Remind me next time I think something like this sounds fun that it takes forever to pack up a family for a one night stay. And hotels don’t like families of six. And GPS thingies don’t work. And hotel pools are murky. And two-year-olds do not take naps away from home. And little kids will. not. go. to. sleep. in hotel rooms. And that when kids need to go to sleep, the adults must also. And “free hot breakfast” is one waffle iron for 100 breakfast-eaters. And packing up a hotel room takes two hours.

But Wildlife Safari was nice (partly because we didn’t pay full price), and the pictures are lovely.

Monday, June 3, 2013

A Little Rant

I’m not going to argue in favor of the Common Core. I realize there are concerns, the primary one being national vs. local government control. But, PLEASE, if you want to blog about how terrible the Common Core is, PLEASE (did I already say that?) do not blow the suggested reading list out of proportion—or your other arguments will lose some credibility with me.

Do not write:

Non-fiction manuals are now required to compose 70% of your child’s “literature” by the time they graduate. 

And then list the following books:

Petroski, Henry. “The Evolution of the Grocery Bag.”
California Invasive Plant Council. Invasive Plant Inventory
Kurlansky, Mark. Cod: A Biography of the Fish That Changed the World.
U.S. Environmental Protection Agency/U.S. Department of Energy. Recommended Levels of Insulation
FedViews by the Federal Reserve Bank of San Francisco
Calishain, Tara, and Rael Dornfest. Google Hacks: Tips & Tools for Smarter Searching, 2nd Edition
Fischetti, Mark. “Working Knowledge: Electronic Stability Control.”
U.S. General Services Administration. Executive Order 13423: Strengthening Federal Environmental, Energy, and Transportation Management
Gawande, Atul. “The Cost Conundrum: Health Care Costs in McAllen, Texas.”

Even that list isn’t as terrible as it might seem at first glance. If Kurlansky’s book Salt: A World History is any indication (I loved it), Cod: A Biography of the Fish that Changed the World is likely an engaging, curious look at world history through the odd (but fascinating) lens of cod. I wouldn’t be surprised if Petroski’s The Evolution of Useful Things: How Everyday Artifacts-From Forks and Pins to Paper Clips and Zippers-Came to be as They are is just as fascinating. In fact, these are just the sort of “living” narratives I’d choose as reading material for my high school students—the type of books that awaken a certain curiosity and wonder in students. Certainly, they couldn’t be more dry than a high school science text book.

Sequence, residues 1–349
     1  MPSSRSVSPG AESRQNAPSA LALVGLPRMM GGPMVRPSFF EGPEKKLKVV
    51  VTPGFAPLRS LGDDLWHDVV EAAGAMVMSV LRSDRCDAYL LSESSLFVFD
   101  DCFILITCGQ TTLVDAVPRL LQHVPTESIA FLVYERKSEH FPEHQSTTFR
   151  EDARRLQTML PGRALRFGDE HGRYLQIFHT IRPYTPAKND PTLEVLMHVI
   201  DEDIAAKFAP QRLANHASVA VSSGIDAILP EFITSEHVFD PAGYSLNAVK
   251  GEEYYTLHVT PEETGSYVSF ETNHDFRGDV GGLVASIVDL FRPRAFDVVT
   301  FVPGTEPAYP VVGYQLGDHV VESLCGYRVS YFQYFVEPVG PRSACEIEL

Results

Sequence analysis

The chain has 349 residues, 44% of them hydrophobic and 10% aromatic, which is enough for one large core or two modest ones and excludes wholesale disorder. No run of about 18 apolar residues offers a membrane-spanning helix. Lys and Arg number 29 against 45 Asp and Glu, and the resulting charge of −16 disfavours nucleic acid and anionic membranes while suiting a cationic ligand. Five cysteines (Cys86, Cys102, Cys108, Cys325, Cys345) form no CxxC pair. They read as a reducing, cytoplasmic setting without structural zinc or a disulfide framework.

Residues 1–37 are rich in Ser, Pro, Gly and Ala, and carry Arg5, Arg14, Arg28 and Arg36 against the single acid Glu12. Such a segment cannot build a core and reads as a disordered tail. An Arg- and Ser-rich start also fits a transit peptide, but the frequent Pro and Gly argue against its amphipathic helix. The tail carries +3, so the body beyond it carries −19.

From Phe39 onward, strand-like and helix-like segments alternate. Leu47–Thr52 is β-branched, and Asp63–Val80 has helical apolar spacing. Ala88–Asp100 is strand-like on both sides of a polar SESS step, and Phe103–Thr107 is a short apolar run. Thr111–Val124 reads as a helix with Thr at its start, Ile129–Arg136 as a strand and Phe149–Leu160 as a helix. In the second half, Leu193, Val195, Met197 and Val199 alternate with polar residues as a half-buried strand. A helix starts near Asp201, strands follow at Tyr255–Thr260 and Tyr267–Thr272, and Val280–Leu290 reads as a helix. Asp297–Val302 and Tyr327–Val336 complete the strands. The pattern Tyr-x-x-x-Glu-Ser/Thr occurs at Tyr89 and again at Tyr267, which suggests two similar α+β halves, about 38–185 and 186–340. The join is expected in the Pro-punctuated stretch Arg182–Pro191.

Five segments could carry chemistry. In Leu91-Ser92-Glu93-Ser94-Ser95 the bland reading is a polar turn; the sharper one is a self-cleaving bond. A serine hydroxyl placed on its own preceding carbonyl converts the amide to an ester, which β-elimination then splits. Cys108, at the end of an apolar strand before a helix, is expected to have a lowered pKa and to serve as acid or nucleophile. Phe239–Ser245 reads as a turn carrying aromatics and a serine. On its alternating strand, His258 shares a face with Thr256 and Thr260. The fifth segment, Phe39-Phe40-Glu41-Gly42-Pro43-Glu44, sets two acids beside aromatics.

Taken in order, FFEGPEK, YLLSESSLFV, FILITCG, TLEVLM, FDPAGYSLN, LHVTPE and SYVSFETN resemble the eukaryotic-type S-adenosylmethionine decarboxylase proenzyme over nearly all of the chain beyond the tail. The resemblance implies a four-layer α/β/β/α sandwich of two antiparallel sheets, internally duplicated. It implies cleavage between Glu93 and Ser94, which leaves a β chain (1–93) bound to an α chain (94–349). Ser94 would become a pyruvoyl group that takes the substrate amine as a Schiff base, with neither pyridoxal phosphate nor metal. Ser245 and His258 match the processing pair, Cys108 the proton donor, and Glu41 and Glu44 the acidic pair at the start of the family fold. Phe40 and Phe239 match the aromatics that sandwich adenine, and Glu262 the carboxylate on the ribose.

Let’s pick apart the introductory statement, and let’s start with the choice of the word “manual.” According to that statement, the following books would be considered manuals:

A Weed Is a Flower: The Life of George Washington Carver by Aliki (lovely picture book)
The Year At Maple Hill Farm by the Provensens (one of my favorite picture books by two of my favorite writers/illustrators)
A Medieval Feast by Aliki (I just purchased this one for our collection)
Lincoln, A Photobiography (fantastic book)
A Drop Of Water: A Book of Science and Wonder (just added it to my Amazon cart)
What the World Eats (fascinating)
A History of US by Joy Hakim (“living” narrative history)
John Adams. “Letter on Thomas Jefferson”
Narrative of the Life of Frederick Douglass an American Slave (autobiography)
Blood, Toil, Tears and Sweat (speech by Winston Churchill)
Travels with Charley in Search of America by John Steinbeck
The Preamble to the U.S. Constitution
The Number Devil: A Mathematical Adventure (um, didn’t I just recommend that one for “living” math studies?)
The Story of Art by Gombrich
The Great Composers: An Illustrated Guide to the Lives, Key Works and Influences of Over 120 Renowned Composers
Euclid's Elements
The Story of Science by Joy Hakim (love!)
”Classifying the Stars” by Annie J. Cannon (we just read a wonderful picture book about this astronomer)
Circumference: Eratosthenes and the Ancient Quest to Measure the Globe
1776 by David McCullough
Speeches by Washington, Lincoln, Patrick Henry, Roosevelt, Martin Luther King Jr…
Maya Angelou
Elie Wiesel
Thomas Paine
Alexis de Tocqueville…

Where should I stop? That reads like a curricula of “living” books for a rich, integrated classical education. A “Great Books” list for high school humane letters classes contains many such non-fiction selections.

But maybe I don’t get it.

Let’s pick apart the second half of the above introductory statement: 70% of your child’s “literature.” This phrase seems to imply that non-fiction will replace 70% of the literature being read in Lit class. The above titles represent fine arts, history, geography, social studies, math, and science. I, for one, think that reading excellent books should not be isolated as a “literature class activity.” Absolutely, these living books and documents should be integrated throughout the curriculum in all subjects. And if a school fails to do so, putting all the pressure and expectations on their literature teachers, that seems (to me) to be a failure at a local level.